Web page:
I have always had trouble understanding this entire concept. Please understand that I am not God forbid promoting the idea that it is permitted for married woman not cover their hair. As I said the Halacha is pretty clear, despite attempts by some to be Dan L’Kav Zechus  (judge favorably) those Modern Orthodox women that do not cover it.

But that does not make my understanding of it any less difficult – for the following reasons.

First – It is a derived Halacha and not explicitly stated in the Torah. It is taken from the procedure of the Sotah (a woman suspected of adultery after being secluded with another man) where the Torah requires Beis Din to reveal her hair. By dint of the requirement it was derived that women are supposed to cover their hair or else why would they be asked to uncover it. Many Torah level laws are derived in similar ways and are not explicitly written in the Torah.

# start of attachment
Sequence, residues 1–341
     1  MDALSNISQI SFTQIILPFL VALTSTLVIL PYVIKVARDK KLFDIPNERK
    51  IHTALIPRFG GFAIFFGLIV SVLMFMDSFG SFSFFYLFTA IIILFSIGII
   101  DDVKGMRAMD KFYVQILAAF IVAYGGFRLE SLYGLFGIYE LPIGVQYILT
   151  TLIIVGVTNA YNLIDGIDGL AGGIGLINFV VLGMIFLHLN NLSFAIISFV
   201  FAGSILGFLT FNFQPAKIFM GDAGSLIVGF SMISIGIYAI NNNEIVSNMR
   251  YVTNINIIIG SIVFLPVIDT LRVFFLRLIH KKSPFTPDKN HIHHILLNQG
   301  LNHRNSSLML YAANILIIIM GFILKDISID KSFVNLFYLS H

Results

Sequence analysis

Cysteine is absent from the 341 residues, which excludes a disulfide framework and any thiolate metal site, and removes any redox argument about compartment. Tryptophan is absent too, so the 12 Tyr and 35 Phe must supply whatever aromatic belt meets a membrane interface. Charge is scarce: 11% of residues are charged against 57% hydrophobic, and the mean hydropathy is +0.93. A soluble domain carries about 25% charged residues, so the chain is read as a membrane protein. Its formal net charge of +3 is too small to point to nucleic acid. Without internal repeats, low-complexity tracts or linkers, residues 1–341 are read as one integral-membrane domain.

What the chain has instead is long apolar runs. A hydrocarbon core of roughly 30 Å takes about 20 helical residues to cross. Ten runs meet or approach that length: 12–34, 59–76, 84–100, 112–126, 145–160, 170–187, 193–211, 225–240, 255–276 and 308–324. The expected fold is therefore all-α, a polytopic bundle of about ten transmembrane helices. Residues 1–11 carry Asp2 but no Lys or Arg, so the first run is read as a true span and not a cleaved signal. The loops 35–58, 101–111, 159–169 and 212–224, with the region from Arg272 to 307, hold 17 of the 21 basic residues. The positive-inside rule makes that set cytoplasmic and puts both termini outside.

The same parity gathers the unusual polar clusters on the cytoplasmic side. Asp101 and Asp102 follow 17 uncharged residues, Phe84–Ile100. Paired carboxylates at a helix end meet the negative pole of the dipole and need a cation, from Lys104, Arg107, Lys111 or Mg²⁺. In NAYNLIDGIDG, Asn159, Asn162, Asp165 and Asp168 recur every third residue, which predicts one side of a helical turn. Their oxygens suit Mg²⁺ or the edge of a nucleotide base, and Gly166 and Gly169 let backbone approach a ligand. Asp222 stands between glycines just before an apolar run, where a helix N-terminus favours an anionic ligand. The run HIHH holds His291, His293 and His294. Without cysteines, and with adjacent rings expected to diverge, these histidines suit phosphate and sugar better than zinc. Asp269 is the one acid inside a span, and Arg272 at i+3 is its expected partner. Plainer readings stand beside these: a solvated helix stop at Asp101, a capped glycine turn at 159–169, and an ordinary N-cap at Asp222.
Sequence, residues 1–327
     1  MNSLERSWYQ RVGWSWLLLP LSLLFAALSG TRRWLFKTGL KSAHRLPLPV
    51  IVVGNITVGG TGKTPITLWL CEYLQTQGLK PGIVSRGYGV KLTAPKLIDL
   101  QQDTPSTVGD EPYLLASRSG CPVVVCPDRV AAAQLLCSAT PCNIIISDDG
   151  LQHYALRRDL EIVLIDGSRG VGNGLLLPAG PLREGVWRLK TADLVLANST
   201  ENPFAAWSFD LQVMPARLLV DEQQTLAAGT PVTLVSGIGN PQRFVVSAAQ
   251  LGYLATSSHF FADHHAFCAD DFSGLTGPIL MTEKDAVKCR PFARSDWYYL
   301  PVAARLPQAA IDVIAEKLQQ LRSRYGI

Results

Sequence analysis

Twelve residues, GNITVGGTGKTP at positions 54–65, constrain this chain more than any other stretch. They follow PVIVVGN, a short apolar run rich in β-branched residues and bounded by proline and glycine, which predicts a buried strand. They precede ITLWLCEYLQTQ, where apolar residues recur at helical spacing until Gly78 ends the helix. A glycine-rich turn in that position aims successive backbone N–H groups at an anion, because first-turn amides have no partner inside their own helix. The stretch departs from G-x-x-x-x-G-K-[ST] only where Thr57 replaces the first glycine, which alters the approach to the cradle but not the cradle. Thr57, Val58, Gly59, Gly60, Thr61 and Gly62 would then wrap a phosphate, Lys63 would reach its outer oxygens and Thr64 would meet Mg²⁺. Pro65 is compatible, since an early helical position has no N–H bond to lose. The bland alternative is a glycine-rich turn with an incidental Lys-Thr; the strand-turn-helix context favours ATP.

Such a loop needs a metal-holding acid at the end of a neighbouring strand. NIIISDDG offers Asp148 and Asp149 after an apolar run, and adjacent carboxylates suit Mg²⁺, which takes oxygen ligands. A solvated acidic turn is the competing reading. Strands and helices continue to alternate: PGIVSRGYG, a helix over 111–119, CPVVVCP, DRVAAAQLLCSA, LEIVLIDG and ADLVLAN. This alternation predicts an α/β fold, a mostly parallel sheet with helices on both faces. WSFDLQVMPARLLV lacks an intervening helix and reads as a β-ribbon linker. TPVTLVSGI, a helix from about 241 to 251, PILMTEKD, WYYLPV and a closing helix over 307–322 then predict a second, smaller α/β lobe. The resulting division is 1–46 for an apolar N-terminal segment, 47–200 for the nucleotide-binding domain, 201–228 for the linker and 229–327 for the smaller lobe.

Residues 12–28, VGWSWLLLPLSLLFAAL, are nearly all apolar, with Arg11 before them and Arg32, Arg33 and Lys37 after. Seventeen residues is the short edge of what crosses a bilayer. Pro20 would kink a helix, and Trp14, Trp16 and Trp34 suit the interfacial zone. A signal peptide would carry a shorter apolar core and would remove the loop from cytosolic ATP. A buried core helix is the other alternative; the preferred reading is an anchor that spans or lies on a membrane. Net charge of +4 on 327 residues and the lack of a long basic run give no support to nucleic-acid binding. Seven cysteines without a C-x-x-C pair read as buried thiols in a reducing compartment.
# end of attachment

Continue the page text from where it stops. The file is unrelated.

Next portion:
But it is the contradictory nature of the concept of Sair B’Isha Erva (the hair of a woman is considered her nakedness) that perplexes me. That concept only applies to married women. Single women do not have to cover their hair at all, no matter what their age. The same woman who 5 minutes before she gets married may walk around with all of her hair exposed, is forbidden from doing so the minute she gets married… and forever after that.

I think this conundrum and the fact that general societal attitudes about hair covering changed are in part the reasons so many religious women in the great Jewish community of Lithuania in Europe chose to abandon covering their hair. Rav Yechiel Michel Epstein makes note of that abandonment of hair covering in his magnum opus, the Aruch HaShulchan.